Judge Charles W. Mullan, One of Leading Attorneys of Iowa, Died at Rochester Hospital
JUDGE MULLAN DIED THURSDAY AT ROCHESTER—Prominent Attorney, Politician and Judge in District Court, A True Pioneer.
ATTORNEY GENERAL OF IOWA FOR SIX YEARS
Judge Charles W. M Mullan, judge of the district court, died Thursday afternoon at the Mayo Brothers’ hospital in Rochester, Minn. He underwent an operation three weeks ago but his health has been failing since last fall. Judge Mullan was eminent in the state as an attorney and was also prominent in politics, having held positions in the legislature and as state attorney general. He also held the offices of city attorney and county attorney.
Judge Mullan was the only judge in forty years who died while serving a term in this district. From 1901 to 1917 he served as attorney general of the state. In 1913 provision was made by the state legislature for a third judge in this district and Judge Mullan was appointed by Governor Clark. For three years he was county attorney of Black Hawk county, being the first man to hold that position in this county, and he was also one of the early city solicitors. He was actively engaged in practicing law in this city until his appointment to the bench and during that time gained prominence as an attorney. He served one term as president of the state bar association. He was a director of the Iowa Life Insurance company of Waterloo.
Surviving are the widow, Emma Hammond Mullan, and the following children: Charles H. Mullan, Sioux City; Mrs. Francis G. Blair, Des Moines; Alfred W. Mullan, Waterloo, and Mrs. Alice Walker, St. Clair, Mich. Also surviving are the following brothers and sisters: William H. Mullan, Aberdeen, S.D.; H. C. Mullan, Sioux City; M. F. Mullan, Pomeroy; Ia; J. W. Mullan, Tacoma, Wash,; Elizabeth M. Davidson, Waterloo, and two grandchildren. A nephew, R. M. Davidson, 166 Falls avenue, also survives. A sister died in infancy. Mrs. Davidson is the oldest of the family while Judge Mullan was second. Their birthdays came on the same day.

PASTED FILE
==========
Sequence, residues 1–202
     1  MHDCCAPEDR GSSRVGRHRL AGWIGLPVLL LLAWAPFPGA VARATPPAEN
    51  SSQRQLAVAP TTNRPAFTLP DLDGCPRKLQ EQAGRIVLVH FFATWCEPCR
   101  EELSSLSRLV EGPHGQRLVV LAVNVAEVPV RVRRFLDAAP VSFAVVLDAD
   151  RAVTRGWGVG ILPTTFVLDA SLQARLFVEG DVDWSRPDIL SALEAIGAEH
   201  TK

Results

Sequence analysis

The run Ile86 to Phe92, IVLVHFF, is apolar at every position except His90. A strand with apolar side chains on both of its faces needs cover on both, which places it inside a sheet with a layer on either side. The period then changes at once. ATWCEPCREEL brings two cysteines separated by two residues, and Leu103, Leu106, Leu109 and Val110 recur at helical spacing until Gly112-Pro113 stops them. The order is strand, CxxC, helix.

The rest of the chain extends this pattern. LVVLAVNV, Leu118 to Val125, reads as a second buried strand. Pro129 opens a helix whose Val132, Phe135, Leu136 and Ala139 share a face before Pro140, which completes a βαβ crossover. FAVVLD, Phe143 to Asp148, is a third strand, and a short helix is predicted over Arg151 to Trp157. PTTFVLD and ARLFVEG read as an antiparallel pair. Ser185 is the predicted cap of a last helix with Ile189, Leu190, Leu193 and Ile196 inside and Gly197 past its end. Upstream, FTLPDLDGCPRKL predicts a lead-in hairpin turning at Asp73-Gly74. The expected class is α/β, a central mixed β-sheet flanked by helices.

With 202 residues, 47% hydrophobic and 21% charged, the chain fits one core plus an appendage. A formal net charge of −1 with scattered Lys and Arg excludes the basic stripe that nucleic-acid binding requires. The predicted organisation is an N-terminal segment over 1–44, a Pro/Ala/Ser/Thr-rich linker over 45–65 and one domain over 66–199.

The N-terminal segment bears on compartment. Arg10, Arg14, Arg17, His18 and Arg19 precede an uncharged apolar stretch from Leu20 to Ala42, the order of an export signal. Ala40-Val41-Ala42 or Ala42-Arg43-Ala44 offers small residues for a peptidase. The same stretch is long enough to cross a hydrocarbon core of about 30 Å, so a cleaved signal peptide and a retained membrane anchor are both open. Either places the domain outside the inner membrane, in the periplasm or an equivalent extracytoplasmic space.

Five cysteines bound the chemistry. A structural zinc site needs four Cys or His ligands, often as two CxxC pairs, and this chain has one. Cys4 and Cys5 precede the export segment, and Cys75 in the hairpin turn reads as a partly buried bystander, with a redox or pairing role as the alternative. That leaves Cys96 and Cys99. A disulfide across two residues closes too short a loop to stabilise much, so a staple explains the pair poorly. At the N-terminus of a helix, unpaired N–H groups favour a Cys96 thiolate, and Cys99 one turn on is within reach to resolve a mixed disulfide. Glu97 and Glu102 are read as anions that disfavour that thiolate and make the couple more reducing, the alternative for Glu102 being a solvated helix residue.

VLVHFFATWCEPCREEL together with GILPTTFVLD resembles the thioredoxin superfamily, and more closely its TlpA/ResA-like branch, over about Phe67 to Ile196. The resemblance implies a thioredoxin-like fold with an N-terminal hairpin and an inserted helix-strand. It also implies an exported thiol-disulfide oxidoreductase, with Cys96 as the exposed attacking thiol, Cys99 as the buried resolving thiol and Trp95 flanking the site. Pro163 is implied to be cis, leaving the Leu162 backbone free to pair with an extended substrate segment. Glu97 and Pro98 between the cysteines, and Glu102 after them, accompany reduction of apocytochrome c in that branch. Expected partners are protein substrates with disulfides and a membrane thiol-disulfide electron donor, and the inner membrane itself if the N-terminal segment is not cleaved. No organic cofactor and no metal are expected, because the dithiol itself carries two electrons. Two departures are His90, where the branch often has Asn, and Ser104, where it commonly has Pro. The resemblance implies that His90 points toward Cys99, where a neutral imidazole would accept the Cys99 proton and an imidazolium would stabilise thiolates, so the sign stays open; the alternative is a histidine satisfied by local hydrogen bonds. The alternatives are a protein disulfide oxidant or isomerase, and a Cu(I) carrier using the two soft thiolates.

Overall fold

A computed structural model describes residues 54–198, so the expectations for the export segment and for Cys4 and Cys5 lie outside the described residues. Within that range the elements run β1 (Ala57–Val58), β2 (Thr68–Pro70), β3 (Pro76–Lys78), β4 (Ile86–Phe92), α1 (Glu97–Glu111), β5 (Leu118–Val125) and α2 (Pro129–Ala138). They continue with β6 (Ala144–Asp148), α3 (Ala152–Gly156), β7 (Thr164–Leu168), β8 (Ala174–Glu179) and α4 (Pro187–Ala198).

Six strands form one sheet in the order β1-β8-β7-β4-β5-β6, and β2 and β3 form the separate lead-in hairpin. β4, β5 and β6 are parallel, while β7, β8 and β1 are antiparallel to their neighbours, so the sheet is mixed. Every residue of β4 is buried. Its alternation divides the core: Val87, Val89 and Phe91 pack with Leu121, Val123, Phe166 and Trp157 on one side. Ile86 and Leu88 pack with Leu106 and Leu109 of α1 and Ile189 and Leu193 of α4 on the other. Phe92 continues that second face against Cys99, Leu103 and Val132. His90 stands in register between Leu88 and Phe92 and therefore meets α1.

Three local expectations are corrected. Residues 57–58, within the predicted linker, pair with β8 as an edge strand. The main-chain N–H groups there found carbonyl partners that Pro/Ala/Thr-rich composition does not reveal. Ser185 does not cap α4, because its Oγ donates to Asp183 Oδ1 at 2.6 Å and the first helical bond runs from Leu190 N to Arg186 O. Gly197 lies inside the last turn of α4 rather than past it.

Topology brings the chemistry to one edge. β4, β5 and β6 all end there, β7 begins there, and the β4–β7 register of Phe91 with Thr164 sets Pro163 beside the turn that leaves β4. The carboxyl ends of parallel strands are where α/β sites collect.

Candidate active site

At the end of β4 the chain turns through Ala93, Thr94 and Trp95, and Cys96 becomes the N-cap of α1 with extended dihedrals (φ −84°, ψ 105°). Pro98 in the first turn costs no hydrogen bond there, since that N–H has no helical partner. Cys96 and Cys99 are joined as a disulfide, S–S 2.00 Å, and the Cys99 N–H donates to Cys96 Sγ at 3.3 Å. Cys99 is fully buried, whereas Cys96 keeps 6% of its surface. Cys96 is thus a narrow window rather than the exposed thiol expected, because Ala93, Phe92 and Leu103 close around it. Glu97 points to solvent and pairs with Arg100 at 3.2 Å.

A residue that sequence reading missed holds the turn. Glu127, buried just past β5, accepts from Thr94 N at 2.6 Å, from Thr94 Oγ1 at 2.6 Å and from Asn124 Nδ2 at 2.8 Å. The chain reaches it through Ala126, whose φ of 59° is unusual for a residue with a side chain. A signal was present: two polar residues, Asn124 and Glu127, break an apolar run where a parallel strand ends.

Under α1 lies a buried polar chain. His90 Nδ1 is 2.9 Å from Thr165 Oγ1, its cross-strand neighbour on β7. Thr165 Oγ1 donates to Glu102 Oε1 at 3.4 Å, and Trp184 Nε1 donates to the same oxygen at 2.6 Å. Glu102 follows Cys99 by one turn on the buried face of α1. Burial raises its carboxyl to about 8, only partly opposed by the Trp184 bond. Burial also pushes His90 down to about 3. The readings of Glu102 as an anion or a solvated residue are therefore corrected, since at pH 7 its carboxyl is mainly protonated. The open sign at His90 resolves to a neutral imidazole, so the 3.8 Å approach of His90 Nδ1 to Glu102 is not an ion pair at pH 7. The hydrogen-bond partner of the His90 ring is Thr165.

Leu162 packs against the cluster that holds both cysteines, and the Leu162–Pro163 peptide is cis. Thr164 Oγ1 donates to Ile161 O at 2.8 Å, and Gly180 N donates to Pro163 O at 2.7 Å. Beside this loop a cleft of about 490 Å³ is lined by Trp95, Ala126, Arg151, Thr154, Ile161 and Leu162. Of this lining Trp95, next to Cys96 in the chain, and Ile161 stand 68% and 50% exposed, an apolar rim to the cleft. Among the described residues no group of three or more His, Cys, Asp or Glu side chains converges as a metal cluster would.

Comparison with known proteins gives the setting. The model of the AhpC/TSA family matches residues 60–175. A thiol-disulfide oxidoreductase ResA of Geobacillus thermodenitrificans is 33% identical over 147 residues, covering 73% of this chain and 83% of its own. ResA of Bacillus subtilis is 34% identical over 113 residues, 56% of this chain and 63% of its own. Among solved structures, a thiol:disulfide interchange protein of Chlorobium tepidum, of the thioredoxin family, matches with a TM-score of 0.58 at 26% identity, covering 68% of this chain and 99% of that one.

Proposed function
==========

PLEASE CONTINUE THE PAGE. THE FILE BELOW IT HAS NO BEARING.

The remains will arrive in this city today and funeral services will be held Sunday.
The deceased was a member of the Elks and Knights Templar, local order. He was affiliated with First Congregational Church of this city. He was also a member of the G. A. R.
The message announcing the death was received in district court yesterday afternoon at 4 o’clock and both courts, presided over by Judge H. R. Boles and Judge G. W. Dunham, were adjourned at once. They will not convene again until Monday morning. Judge W. N. Birdsall also adjourned municipal court until Monday.
Judge Mullan was born in Wayne county, Illinois, Dec. 31, 1845, being the son of Mrs. and Mrs. Charles Mullan. When he was six years of age his parents came to Black Hawk county. He was the second of a family of six children.
Judge Mullan was a true pioneer of the county. When his parents moved here this section of the state was peopled by Indians and white families were few. As a pioneer resident of this city Judge Mullan also was one of the oldest. His residence in Waterloo was commenced when there was no city, his father having built the first house. He often stated that he would enjoy pioneering again.
His life was spent in Waterloo and for the interests of this city and its citizens. No worthy fund for the general good of the public ever went unnoticed by him. He was ever ready to aid in promoting any project that would improve and better the city. He might aptly have been called a loyal friend of every Waterloo citizen and a lover of Waterloo.
Received Honors from Voters of Iowa. Judge Mullan enjoyed a notable career in politics and law. He was admitted to the bar in 1870 and from that time on was one of Black Hawk county’s leading attorneys.
He began his education in the Waterloo public schools and finished a course in Upper Iowa university. He then read law under direction of Judge Orrin Miller. He was married the same year as his admittance to the bar. Six years before his beginning active law practice he enlisted in the 47th Iowa regiment as a private. He served with this regiment until (CONTINUED ON PAGE TWO).
Source: The Waterloo Times-Tribune ,Waterloo, Iowa: Friday Morning, May 9, 1919; Front Page
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